At the height of the Irish potato famine, members of the Choctaw Nation banded together to donate $170—more than $5,000 today—toward relief efforts, selflessly contributing despite their own hardships.
During a March 23, 1847, meeting in Skullyville, Oklahoma, “they were asked to dig deep for a group of people they had never met,” wrote Natasha Frost for Atlas Obscura in 2018. “And, incredibly, they did.”
Now, as the United States’ Native American community navigates the COVID-19 pandemic, hundreds of Irish people are making charitable donations to return the Choctaw’s 173-year-old favor, report Ed O’Loughlin and Mihir Zaveri for the New York Times.
As of this writing, an online fundraiser benefitting the Navajo Nation and Hopi Reservation has raised more than $2.5 million for water, food and health supplies. Irish donors have contributed around half a million dollars (and counting), the GoFundMe campaign’s organizers tell CNN’s Harmeet Kaur.
Many of these donors have specifically cited the Choctaw’s 1847 gift. One Pat Hayes, for instance, wrote, “From Ireland, 170 years later, the favour is returned! To our Native American brothers and sisters in your moment of hardship.”
Gary Batton, chief of the Choctaw Nation of Oklahoma, tells the Times that his tribe is “gratified—and perhaps not at all surprised—to learn of the assistance our special friends, the Irish, are giving to the Navajo and Hopi Nations.”
He adds, “We have become kindred spirits with the Irish in the years since the Irish potato famine. We hope the Irish, Navajo and Hopi peoples develop lasting friendships, as we have.”
In 1831, the Choctaw became the first Native Americans forced by the United States government to march west along the Trail of Tears. During the roughly 500-mile journey, close to one-third of the tribe died of starvation, exposure and disease, according to the National Library of Medicine’s “Native Voices: Native Peoples’ Concepts of Health and Illness” exhibition.
When approached for donations in 1847, the Choctaw people’s state of affairs remained stark. Though years had passed since the tribe’s forced relocation from Mississippi to Oklahoma, the community remained plagued by poverty, disease and premature death. As Anelise Hanson Shrout wrote for the Journal of the Early Republic in 2015, “It is difficult to imagine a people less well-positioned to act philanthropically.”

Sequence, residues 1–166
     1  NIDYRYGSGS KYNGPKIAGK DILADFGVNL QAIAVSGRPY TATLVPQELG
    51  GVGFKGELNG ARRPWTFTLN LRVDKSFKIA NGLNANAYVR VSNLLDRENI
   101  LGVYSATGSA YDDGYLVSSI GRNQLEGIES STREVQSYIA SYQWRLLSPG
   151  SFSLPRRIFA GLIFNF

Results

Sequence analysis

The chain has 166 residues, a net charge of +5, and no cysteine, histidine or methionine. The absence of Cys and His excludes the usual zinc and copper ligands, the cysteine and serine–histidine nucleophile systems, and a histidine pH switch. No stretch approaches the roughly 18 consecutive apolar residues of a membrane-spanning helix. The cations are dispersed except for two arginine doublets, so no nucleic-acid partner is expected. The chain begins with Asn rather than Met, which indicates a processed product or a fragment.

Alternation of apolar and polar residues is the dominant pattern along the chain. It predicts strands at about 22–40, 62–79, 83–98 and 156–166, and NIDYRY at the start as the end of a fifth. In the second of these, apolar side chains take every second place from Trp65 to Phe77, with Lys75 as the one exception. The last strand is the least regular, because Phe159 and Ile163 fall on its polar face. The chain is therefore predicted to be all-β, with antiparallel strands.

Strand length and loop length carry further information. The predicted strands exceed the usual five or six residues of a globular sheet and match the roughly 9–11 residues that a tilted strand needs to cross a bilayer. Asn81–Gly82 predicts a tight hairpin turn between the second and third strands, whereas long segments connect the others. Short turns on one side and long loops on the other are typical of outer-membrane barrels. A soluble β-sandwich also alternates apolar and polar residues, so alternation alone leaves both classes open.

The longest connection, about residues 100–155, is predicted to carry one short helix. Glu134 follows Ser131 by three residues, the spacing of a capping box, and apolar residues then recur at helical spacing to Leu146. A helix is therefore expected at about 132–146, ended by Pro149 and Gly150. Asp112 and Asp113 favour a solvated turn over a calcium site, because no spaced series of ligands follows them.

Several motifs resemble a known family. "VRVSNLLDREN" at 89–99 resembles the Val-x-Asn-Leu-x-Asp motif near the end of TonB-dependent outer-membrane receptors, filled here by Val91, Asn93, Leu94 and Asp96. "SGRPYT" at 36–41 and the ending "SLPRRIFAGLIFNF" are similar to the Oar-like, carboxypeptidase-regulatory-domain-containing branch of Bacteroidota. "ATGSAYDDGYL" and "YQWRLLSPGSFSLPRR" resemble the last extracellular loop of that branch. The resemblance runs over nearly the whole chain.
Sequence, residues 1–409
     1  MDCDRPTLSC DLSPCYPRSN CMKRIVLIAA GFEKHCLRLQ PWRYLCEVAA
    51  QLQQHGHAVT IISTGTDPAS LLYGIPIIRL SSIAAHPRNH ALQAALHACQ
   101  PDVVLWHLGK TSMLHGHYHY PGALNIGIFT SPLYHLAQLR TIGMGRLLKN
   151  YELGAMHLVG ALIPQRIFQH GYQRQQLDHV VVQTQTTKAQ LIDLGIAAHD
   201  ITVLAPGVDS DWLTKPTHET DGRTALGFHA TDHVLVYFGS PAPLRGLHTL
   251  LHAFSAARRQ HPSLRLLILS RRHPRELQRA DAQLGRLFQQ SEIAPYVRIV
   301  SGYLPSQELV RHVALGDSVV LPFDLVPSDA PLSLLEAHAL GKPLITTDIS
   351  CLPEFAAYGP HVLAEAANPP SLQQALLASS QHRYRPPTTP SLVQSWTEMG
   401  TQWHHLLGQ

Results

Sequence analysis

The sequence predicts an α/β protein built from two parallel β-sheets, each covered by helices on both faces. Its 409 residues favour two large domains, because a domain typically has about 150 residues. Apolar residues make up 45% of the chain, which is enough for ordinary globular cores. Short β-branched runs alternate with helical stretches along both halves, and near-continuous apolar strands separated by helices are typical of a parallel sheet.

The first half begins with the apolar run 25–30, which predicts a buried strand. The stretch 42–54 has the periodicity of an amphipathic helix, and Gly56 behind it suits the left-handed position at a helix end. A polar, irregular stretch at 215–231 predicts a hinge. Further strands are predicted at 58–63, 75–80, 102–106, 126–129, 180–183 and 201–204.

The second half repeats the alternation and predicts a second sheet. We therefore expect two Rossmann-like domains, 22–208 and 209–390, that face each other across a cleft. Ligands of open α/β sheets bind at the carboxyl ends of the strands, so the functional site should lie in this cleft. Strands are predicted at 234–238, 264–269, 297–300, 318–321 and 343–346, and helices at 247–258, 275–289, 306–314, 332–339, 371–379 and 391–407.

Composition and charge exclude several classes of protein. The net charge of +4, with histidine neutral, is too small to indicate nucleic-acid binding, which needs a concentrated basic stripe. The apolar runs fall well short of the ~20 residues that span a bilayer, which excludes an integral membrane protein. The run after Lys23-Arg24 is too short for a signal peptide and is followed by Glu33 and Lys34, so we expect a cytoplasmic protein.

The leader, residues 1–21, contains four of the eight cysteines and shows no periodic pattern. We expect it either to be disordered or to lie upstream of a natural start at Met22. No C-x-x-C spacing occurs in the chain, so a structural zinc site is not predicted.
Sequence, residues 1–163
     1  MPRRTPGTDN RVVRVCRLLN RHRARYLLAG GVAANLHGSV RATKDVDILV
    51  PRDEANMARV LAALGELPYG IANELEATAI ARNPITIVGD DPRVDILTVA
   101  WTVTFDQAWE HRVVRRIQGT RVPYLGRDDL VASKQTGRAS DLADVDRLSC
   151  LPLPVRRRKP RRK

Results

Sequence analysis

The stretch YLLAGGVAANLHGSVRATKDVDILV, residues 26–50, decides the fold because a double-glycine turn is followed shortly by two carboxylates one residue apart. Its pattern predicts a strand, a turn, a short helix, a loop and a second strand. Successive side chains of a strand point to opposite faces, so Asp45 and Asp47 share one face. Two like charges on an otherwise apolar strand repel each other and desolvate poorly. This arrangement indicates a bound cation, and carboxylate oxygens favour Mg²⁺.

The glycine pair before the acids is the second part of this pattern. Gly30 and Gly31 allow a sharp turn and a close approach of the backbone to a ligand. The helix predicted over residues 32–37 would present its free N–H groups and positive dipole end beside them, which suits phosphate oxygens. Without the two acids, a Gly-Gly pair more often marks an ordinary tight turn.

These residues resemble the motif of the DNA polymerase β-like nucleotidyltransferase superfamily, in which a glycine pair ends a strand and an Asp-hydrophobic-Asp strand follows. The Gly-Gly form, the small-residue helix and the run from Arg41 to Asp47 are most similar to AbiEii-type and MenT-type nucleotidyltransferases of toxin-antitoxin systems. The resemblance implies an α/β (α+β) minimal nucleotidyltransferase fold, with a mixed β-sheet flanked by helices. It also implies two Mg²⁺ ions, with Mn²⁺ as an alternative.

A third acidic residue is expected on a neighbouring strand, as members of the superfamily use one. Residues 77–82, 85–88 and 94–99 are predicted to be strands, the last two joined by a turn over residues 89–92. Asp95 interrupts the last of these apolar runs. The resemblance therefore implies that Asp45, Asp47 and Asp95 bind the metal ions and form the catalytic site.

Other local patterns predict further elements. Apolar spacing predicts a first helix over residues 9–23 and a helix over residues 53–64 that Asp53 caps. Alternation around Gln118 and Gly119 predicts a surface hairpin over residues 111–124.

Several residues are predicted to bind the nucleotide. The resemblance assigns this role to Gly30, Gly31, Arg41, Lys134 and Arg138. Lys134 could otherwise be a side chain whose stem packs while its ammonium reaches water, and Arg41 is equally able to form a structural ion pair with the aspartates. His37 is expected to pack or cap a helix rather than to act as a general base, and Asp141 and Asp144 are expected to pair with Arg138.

In Ireland, meanwhile, the potato famine was exacting a devastating toll. All told, an estimated one million Irish people died of hunger and famine-related disease between 1845 and 1849, according to Encyclopedia Britannica.
Earlier this week, the Associated Press reported that the Navajo Nation has one of the highest per capita rates of COVID-19 in the U.S. As of Monday, 2,474 people had tested positive for the virus, and 73 had died, according to a statement.
The pandemic’s impact has been exacerbated by the prevalence of diabetes in the Navajo Nation. Per the Times, many of the Navajos’ multigenerational households lack electricity and running water—conditions that may have also contributed to the virus’ spread.
On May 3, the fundraiser’s organizers announced the delivery of 250 food packages to the Hopi Village of Hotevilla.
“We have lost so many of our sacred Navajo elders and youth to COVID-19. It is truly devastating. And a dark time in history for our Nation,” writes project organizer Vanessa Tulley on the fundraiser’s page. “In moments like these, we are so grateful for the love and support we have received from all around the world. Acts of kindness from indigenous ancestors passed being reciprocated nearly 200 years later through blood memory and interconnectedness. Thank you, IRELAND, for showing solidarity and being here for us.”